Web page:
At a September 2022 meeting, the FASB added a new project to its technical agenda and reached tentative decisions about how (1) private entities should apply ASC 842 to common control lease arrangements; and (2) all entities should account for leasehold improvements in common control leases. We summarize the Board’s tentative decisions and what lies ahead below.
Under ASC 842, related party leases (including those between parties under common control) are classified, recognized and measured based on the legally enforceable terms and conditions of the arrangement, as opposed to the economic substance of the arrangement. However, identifying the enforceable rights and obligations in an arrangement between parties under common control may be difficult because of its related-party nature.
There are presently diverse views about the extent to which entities must look for legally enforceable rights and obligations outside of any written terms and conditions, or consider the legal enforceability of any written terms (e.g. whether legal counsel must be involved).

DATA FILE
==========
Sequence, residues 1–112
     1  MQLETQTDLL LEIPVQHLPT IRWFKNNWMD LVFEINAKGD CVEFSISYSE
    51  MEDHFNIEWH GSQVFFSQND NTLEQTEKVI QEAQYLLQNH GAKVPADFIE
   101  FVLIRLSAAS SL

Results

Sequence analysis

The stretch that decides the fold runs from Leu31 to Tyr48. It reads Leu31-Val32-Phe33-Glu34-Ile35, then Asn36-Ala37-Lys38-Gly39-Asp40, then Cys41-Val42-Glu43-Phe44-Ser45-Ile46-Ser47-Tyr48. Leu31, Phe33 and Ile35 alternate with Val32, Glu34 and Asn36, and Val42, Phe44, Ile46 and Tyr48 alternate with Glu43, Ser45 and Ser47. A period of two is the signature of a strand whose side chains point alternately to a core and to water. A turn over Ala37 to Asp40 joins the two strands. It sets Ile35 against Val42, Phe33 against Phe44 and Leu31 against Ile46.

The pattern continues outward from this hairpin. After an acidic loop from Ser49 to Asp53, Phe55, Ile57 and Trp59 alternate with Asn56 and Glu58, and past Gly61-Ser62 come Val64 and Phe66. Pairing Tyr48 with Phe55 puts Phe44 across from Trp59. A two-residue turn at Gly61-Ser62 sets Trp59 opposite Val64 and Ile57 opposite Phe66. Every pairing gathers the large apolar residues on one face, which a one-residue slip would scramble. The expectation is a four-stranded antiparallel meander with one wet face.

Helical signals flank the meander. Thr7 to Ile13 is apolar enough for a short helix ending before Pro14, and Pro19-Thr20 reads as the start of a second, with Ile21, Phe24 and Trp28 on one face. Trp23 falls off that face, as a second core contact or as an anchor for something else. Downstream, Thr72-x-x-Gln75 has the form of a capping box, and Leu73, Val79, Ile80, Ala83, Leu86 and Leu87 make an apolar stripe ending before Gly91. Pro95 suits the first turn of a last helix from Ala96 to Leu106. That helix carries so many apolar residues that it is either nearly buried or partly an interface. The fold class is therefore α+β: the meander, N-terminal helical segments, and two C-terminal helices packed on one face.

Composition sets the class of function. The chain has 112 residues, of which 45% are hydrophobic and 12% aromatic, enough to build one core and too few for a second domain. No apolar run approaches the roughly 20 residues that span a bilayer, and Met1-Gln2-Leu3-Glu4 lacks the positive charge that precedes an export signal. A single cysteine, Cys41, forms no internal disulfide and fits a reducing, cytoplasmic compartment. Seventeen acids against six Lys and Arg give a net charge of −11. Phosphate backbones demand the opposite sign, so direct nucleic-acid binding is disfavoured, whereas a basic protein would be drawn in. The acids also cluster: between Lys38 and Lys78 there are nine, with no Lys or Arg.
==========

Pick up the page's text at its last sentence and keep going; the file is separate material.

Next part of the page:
To clarify (1) whether, and if so when, private entities must look beyond the legally enforceable rights and obligations when applying ASC 842 to arrangements between entities under common control; and (2) how lessees (public or private entities) should account for leasehold improvements related to common control leases.
The following reflects the Board’s tentative decisions to date. As a next step, the FASB staff will draft a proposed ASU for Board vote by written ballot. If approved, the proposed ASU will be exposed for a 45-day public comment period.
Identifying terms and conditions (applicable to private entities only)
Leasehold improvements (applicable to all entities)
Transition and effective date